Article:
The 'training wheels' of academic essay writing: Considered, coordinated and collaborative use of writing models for commencing HE students

John Hamilton4
Estimated H-index: 4
(VU: Victoria University, Australia)
Given the significant increase in non-traditional students and changing pathways into higher education (HE), the need to scaffold academic literacies development for commencing students has never been greater. Writing models are recognised as useful in this process, particularly in relation to academic essay writing. However, there are reservations and concerns with the use of writing models in teaching and learning in HE. These include that models can oversimplify the writing process, inhibit development of writer identity, limit creativity and expression, and lead to an impression that writing conventions and structures are fixed and unchanging (Macbeth, 2010). A further concern is the perceived impact of writing models on assessment processes, including issues of plagiarism and imitation. These various concerns lead to resistance to more extensive use of writing models in HE curricula, or their use only in limited ways. This paper argues for a more considered and coordinated use of writing models, involving closer collaboration between discipline teachers and Academic Language and Learning (ALL) educators. It advocates for student imitation of writing models to be accepted as a legitimate and necessary stage in some students’ formative development as academic writers, and recommends making the purpose and intended uses of writing models clearer to all, including both students and academic staff. The paper uses the analogy of ‘training wheels’ on a bicycle to explore some of these themes, including why writing models may be valuable, their limitations, and their likely longer term impact on commencing HE students’ development as academic essay writers.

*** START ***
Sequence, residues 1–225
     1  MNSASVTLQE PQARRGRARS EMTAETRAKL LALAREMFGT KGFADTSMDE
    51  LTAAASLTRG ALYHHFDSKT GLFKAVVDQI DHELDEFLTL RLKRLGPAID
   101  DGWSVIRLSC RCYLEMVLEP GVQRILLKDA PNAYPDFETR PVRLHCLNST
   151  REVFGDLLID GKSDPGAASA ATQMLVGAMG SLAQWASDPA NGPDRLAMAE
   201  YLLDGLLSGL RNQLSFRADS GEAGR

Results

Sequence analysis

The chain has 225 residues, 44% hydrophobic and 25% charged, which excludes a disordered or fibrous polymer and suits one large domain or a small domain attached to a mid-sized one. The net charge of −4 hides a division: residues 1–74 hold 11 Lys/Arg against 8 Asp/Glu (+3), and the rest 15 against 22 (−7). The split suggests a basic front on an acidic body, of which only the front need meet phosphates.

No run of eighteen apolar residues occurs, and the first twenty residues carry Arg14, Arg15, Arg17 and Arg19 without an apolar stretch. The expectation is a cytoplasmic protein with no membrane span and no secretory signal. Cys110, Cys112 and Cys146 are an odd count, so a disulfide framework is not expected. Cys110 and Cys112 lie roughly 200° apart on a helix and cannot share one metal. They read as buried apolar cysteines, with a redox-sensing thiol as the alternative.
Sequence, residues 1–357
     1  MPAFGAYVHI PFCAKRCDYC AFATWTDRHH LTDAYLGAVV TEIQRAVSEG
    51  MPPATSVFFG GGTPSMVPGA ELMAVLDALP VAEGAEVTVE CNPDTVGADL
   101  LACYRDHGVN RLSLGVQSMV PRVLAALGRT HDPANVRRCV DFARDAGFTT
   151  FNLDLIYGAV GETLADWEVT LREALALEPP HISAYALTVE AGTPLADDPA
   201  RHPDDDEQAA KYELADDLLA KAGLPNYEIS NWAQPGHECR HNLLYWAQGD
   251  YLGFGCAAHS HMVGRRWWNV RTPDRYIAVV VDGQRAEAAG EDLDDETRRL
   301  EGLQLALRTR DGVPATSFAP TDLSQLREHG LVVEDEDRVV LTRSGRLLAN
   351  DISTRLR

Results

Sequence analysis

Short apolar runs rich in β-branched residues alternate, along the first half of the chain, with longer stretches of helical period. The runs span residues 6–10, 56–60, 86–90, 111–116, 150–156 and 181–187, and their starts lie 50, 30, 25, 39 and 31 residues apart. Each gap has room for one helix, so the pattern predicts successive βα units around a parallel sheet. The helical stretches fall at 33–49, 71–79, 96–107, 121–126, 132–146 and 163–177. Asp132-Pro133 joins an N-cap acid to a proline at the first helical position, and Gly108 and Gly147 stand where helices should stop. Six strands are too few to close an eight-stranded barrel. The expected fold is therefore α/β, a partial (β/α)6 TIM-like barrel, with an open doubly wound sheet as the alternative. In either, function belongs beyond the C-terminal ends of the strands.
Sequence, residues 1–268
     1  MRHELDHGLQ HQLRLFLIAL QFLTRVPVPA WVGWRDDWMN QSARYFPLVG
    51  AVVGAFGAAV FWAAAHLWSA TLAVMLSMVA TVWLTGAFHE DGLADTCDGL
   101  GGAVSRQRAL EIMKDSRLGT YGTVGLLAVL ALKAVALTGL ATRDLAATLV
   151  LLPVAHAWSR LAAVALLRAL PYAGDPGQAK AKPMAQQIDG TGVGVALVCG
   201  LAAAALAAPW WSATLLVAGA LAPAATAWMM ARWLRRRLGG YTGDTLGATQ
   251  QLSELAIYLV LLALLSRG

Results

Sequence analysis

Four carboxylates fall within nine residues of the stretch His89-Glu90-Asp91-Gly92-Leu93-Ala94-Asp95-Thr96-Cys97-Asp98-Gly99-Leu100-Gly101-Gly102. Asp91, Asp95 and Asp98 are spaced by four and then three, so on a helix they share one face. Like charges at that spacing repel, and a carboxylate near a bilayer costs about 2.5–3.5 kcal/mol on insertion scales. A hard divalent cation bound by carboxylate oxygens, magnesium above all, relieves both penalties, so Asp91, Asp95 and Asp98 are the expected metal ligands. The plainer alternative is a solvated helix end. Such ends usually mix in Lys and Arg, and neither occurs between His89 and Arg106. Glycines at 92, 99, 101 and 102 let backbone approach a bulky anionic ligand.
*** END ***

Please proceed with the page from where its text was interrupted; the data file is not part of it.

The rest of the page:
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#1David Carless (HKU: University of Hong Kong)H-Index: 27
#2Diane Salter (HKU: University of Hong Kong)H-Index: 2
Last.Joy Lam (HKU: University of Hong Kong)H-Index: 1
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#1Hamish Coates (University of Melbourne)H-Index: 25
#2Laurie Ransom (Australian Council for Educational Research)H-Index: 1
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